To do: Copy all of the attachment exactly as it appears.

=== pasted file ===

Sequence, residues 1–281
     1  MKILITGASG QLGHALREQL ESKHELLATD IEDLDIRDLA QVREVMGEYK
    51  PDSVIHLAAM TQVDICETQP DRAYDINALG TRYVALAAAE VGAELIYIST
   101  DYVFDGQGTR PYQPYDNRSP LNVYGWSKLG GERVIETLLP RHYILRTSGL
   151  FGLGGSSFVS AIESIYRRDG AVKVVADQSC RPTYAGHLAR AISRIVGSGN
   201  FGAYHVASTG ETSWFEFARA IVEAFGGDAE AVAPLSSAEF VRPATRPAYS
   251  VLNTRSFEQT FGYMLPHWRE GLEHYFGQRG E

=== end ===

Sequence, residues 1–281
     1  MKILITGASG QLGHALREQL ESKHELLATD IEDLDIRDLA QVREVMGEYK
    51  PDSVIHLAAM TQVDICETQP DRAYDINALG TRYVALAAAE VGAELIYIST
   101  DYVFDGQGTR PYQPYDNRSP LNVYGWSKLG GERVIETLLP RHYILRTSGL
   151  FGLGGSSFVS AIESIYRRDG AVKVVADQSC RPTYAGHLAR AISRIVGSGN
   201  FGAYHVASTG ETSWFEFARA IVEAFGGDAE AVAPLSSAEF VRPATRPAYS
   251  VLNTRSFEQT FGYMLPHWRE GLEHYFGQRG E